39 Nathaniel Beck and Jonathan Katz propose a method for deriving consistent standard error estimates in the presence of panel-heteroscedastic errors that has been widely adopted by students of comparative political economy, e.g., Garrett (fn. 3); and Iversen (fn. 3); see Beck, and Katz, , “What to Do (and Not to Do) with Time-Series Cross-Section Data,” American Political Science Review 89 (Sep tember 1995CrossRefGoogle Scholar). When we ran our regressions with the Beck-Katz procedure (estimating panel-corrected standard errors without instrumental variables), we obtained results that were essentially the same as those reported below (available upon request). None of our substantive findings are affected by the choice of one or the other of these setups.
40 In terms of overall numbers, the interpolations make up for the loss of observations entailed by the use of a lagged dependent variable. More importantly, interpolation enables us to include Norway in our analysis.
41 Wallerstein (fn. 1), 650.
42 Our analysis is based on a much larger number of observations and covers a longer time period than Wallerstein's. Different measures of bargaining centralization constitute another potential source of divergent results.
43 In Figures 1 and 2 Austria has an even more dispersed wage distribution than Germany, but the fact that the Austrian wage data include part-time employees makes the Sweden-Germany comparison more appropriate.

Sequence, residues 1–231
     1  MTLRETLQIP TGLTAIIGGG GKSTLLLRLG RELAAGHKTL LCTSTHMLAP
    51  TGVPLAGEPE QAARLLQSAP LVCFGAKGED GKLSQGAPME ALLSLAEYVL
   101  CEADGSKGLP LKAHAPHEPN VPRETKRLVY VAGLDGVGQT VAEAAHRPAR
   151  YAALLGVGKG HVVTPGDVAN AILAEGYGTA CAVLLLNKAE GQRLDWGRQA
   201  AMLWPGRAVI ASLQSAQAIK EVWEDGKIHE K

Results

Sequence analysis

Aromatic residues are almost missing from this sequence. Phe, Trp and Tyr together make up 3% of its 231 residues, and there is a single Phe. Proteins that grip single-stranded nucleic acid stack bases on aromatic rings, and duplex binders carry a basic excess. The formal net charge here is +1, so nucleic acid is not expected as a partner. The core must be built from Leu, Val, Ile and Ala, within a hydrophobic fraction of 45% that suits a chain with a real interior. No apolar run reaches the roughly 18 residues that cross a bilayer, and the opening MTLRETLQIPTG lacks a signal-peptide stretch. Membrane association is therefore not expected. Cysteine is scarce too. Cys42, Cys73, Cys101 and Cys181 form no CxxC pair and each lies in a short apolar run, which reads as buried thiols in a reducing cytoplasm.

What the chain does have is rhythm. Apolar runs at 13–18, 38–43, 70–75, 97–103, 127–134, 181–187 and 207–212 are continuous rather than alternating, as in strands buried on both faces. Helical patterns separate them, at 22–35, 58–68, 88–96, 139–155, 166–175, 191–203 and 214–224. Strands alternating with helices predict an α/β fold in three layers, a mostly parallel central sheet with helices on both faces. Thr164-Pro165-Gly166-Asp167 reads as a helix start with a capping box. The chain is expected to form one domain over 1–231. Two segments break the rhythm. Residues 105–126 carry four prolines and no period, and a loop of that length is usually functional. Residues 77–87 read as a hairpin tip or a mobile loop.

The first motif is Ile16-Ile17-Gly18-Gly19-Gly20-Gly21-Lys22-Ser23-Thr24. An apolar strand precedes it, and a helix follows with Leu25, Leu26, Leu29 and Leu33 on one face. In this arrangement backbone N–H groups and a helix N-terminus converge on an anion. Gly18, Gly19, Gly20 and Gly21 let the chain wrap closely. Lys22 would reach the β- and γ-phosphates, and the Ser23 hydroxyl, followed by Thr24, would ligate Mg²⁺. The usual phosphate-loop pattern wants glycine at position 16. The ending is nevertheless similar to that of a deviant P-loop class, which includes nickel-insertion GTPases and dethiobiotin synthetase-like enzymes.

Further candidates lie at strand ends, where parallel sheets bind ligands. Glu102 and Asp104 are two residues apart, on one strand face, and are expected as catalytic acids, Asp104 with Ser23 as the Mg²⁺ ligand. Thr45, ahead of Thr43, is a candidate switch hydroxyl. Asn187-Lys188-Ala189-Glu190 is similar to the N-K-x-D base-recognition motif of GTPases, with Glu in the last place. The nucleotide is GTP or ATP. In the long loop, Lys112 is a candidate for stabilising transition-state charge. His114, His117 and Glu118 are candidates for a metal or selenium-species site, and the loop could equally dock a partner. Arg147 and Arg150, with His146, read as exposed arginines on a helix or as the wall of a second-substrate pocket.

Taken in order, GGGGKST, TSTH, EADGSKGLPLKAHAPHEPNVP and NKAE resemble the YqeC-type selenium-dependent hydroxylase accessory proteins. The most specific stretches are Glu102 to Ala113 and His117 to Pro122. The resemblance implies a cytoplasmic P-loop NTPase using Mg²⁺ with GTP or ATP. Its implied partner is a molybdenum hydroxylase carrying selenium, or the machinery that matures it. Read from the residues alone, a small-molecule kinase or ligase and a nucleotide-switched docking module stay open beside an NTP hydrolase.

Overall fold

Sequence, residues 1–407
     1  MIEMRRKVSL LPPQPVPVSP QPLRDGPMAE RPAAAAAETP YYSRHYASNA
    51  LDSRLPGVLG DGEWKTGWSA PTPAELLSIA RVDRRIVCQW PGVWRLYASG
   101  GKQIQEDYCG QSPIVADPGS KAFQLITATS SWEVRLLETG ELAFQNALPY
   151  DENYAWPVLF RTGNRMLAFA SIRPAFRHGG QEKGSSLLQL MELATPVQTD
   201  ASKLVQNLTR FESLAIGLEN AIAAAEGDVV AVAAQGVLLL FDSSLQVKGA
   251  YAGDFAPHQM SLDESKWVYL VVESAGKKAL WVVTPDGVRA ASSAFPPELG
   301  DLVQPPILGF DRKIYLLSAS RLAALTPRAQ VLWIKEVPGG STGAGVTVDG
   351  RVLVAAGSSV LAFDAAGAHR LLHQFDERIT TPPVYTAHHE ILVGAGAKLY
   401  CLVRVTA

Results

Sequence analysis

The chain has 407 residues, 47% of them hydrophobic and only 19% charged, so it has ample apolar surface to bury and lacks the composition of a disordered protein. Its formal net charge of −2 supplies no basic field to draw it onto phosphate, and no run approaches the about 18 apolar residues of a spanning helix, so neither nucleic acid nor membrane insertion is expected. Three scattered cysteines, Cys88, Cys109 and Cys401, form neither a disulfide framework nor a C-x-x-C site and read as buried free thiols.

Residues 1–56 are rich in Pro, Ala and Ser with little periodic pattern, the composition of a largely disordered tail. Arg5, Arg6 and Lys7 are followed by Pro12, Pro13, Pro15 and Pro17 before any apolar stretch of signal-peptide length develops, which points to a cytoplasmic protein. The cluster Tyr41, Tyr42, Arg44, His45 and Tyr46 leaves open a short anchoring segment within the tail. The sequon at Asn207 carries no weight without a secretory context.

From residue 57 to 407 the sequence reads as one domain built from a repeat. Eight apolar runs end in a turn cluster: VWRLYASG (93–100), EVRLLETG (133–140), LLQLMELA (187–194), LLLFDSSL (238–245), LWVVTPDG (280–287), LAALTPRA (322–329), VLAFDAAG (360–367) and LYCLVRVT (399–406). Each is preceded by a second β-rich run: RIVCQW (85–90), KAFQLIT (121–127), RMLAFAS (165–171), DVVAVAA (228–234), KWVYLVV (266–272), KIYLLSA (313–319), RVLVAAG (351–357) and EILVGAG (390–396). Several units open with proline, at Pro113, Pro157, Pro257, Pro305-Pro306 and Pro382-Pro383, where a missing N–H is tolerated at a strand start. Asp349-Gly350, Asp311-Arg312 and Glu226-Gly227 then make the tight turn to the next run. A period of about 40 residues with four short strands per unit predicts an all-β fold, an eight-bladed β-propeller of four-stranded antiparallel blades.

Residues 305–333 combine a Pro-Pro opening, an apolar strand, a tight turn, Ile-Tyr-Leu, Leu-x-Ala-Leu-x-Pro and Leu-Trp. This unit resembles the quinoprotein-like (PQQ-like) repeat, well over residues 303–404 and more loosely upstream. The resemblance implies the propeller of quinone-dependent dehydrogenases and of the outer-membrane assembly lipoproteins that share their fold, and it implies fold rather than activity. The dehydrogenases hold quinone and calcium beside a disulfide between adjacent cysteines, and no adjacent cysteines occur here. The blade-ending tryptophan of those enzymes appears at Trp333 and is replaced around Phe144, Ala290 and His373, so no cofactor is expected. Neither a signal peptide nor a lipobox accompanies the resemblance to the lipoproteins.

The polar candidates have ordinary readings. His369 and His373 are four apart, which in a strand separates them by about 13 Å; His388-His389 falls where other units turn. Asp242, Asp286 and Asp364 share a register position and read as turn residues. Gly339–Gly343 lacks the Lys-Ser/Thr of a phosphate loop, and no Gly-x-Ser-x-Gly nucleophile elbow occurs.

44 Wood (fn. 8). The more fine-grained analysis by Vincent Mahler, David Jesuit, and Douglas Roscoe also fails to establish any clear and consistent pattern of association between wage inequality and various dimensions of “globalization.” See Mahler, , Jesuit, , and Roscoe, , “Exploring the Impact of Trade and Investment on Income Inequality,” Comparative Political Studies 32 (May 1999CrossRefGoogle Scholar).
46 Among the statistically significant variables, the single largest coefficient change we obtained was for government employment in LMEs: this coefficient fell from .104 to .086 when we recoded Japan and Switzerland. For the mixed cases, the coding change produced statistically significant coefficients for wage bargaining centralization (negative, as in SMEs), government employment (negative, as in SMEs) and government partisanship (positive, as in LMEs). Results available from the authors upon request.
47 Peter Swenson, Labor Markets and Welfare States (forthcoming)